The Federal No Child Left Behind Act of 2001
Sources: United States Department of Education and NEA Today, May 2003
On January 8, 2002, President George W. Bush signed into law the federal No Child Left Behind Act of 2001 (NCLB). The law reauthorized the Elementary and Secondary Education Act of 1965 (ESEA), the principal federal law affecting K-12 education, as well as redefined the Improving America’s Schools Act (IASA) of 1994. The law served as a sweeping overhaul of federal efforts to support public education in the United States. The purposes of the law are to ensure that all children, regardless of race or socioeconomic background, have a fair, equal and significant opportunity to obtain a high-quality education and to ensure that all children reach, at minimum, proficiency on challenging state academic achievement standards and state academic assessment. The goal is to close the achievement gap between poor and affluent children and between minorities and non-minorities.
No Child Left Behind is built on four components: stronger accountability, more freedom for states, scientifically based educational programs, and parental choice. Schools, local educational agencies, and states become accountable for student achievement. Through the creation and administration of annual assessments that measure what children know and learn in reading and math, parents, educators, and administrators are empowered with data that help determine the quality of schools, the qualifications of teachers and the progress of students in major subject areas.
States and local school districts have the freedom to transfer up to 50% of the federal dollars they receive among several education programs without separate approval. NCLB also allows local school officials serving rural schools and districts more flexibility and a greater voice in how federal monies are used in their schools.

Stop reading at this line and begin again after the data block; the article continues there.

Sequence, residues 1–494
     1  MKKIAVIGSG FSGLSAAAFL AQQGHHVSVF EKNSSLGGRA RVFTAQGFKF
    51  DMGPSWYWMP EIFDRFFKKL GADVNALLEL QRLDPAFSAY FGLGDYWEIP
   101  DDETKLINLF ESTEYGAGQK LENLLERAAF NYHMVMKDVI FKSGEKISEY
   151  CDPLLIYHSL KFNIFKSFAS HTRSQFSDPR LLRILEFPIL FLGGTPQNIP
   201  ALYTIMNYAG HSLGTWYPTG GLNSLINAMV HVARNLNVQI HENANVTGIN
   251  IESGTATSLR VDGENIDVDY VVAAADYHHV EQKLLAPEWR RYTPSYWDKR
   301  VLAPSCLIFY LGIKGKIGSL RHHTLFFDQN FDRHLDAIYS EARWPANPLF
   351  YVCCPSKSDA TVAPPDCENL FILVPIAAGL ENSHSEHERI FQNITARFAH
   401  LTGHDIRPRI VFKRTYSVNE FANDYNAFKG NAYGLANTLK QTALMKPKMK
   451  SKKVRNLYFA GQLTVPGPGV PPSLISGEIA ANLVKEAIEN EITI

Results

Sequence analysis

Focusing on “what works”, No Child Left Behind puts a special emphasis on implementing educational programs and practices that have been clearly demonstrated to be effective through rigorous scientific research. In reading, for example, NCLB supports scientifically based instruction programs in the early grades under the Reading First program.
Parents who have children in low-performing schools have new and immediate options. In schools that do not meet state standards for at least two consecutive years, parents can transfer their children to a better performing public school within their district. The district must provide transportation. Students from low-income families in schools that fail to meet state standards for at least three years are eligible to receive supplemental educational services (tutoring, summer school, after-school services).
There are clear and specific consequences/sanctions for those schools that fail to meet the criteria of NCLB. Schools that do not make Adequate Yearly Progress (AYP) for two consecutive years will be identified as needing improvement. For each year that schools fail to improve, specific sanctions are implemented:
· Year 2- Parents of children in low-performing schools can transfer their children to another school in the district not in school improvement.
· Year 3- Districts must provide tutoring and other supplemental academic enrichment services before or after school, on weekends, or in the summer.
· Year 4- Schools enter into “corrective action”, where they must appoint outside experts to advise the school, institute and implement new curriculum, or extend the school year or school day.
· Year 5- Schools must prepare a plan to restructure the school.
· Year 6- Schools must implement the plan prepared the previous year and reopen as a public charter school, replace all or most of school staff, including the principal.
Additionally, states that narrow the achievement gap and improve overall student achievement are rewarded and successful schools that have made the greatest progress in improving the achievement of disadvantaged students are recognized and rewarded with NCLB bonuses.
For states across the country, NCLB has sparked a mixture of reactions and responses. In Mississippi, we have taken full advantage of the flexibility of NCLB by revising our plan several times with the United States Department of Education. In Tennessee, the Tennessee Education Association speaks daily with the state Department of Education, offering recommendations about the NCLB state plan; the Pennsylvania State Education Association coaches teachers about the kinds of education reforms that “really turn schools around” helping them articulate how the federal law hinders and not helps; Mississippi, North Carolina, South Carolina host Closing the Achievement Gap conferences in hopes of inspiring schools to perform at their highest levels; and Michigan has enacted more stringent teacher certification policies.
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